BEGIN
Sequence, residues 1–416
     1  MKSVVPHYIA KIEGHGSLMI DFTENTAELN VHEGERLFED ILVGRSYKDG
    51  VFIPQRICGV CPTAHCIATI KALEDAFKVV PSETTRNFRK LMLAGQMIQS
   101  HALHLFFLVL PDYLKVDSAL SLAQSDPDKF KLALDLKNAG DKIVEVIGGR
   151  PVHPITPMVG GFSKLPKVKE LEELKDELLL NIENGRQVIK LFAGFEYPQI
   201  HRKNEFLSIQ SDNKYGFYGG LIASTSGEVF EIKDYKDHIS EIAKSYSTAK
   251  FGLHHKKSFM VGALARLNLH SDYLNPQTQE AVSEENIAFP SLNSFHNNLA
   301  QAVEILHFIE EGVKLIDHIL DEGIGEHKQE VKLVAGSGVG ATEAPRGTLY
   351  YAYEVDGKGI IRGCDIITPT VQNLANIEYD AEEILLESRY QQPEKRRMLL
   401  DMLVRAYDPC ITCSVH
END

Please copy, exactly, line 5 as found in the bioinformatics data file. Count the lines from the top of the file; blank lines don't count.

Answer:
   151  PVHPITPMVG GFSKLPKVKE LEELKDELLL NIENGRQVIK LFAGFEYPQI